Scientific nameThis night-scented pelargonium, with its attractive carrot-like leaves, makes an interesting addition to collections of Cape plants.
Seeds can be sown in late summer in a well-drained soil mixture. Germination usually takes place after three weeks. The seedlings should also be potted in a well-drained, composted soil mixture.
Pelargonium triste can be grown from cuttings, seed and from dividing clumps of the tubers. Cuttings can be made in autumn or spring. Short stem cuttings can be taken and dipped into rooting hormone to promote the formation of roots. The cuttings are placed in a propagation medium made up of coarse river sand. They are then kept in a cold frame until rooting has taken place. Once rooted, plants are potted into a well-drained, composted mixture for further growth.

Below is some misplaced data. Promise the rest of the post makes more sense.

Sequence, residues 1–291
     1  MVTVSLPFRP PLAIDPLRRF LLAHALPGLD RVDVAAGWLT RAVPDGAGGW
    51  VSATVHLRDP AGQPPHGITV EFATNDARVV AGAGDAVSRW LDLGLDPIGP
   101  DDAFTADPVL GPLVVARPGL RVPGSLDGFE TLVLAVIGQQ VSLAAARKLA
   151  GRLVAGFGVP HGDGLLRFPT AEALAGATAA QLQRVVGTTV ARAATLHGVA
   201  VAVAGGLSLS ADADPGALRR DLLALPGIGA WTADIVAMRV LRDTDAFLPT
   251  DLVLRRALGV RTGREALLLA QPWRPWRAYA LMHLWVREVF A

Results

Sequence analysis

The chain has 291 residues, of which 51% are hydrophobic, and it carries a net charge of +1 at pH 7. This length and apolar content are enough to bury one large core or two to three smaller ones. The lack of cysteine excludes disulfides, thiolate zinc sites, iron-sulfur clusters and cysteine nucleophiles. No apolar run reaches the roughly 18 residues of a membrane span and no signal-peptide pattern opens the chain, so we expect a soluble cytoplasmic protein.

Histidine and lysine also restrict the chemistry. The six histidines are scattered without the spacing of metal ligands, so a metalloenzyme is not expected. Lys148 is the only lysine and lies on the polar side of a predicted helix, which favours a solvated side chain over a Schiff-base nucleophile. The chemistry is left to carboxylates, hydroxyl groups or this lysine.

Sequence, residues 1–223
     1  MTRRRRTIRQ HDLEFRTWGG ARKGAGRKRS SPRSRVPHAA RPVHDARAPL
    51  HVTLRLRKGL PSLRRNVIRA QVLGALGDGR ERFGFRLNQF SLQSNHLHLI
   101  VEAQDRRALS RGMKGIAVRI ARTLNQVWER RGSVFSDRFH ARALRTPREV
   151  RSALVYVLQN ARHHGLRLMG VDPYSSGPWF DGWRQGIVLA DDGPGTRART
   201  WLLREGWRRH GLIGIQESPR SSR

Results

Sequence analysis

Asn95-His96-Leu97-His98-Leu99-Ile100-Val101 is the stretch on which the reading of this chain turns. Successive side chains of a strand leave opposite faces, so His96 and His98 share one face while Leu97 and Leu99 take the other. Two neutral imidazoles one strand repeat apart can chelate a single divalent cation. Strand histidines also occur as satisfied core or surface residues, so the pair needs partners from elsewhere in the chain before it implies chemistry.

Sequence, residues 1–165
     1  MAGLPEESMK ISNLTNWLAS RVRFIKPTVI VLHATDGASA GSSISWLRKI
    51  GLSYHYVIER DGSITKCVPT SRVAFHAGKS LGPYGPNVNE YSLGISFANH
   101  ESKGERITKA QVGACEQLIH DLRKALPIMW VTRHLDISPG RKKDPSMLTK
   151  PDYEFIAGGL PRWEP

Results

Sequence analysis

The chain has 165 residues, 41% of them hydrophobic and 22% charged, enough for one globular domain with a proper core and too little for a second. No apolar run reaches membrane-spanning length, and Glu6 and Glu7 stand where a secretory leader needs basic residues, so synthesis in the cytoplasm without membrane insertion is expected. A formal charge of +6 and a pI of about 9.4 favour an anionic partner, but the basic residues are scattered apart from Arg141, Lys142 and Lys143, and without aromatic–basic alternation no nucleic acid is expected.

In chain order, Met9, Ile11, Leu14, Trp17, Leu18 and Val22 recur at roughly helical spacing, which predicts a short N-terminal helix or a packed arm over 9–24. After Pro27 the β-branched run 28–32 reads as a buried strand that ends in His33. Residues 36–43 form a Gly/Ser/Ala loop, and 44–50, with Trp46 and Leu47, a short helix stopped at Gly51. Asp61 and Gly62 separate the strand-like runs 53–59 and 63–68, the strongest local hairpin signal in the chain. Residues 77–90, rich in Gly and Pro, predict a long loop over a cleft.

Tubers can be divided when the plant is not in its active growing stage.
Conservation status: Least Concern
This species was selected because it has various important characteristics.
It provides medicinal value
Pelargonium triste is indigenous to: Cape Flats Sand Fynbos Peninsula Shale Renosterveld Cape Flats Sand Fynbos Peninsula Shale Renosterveld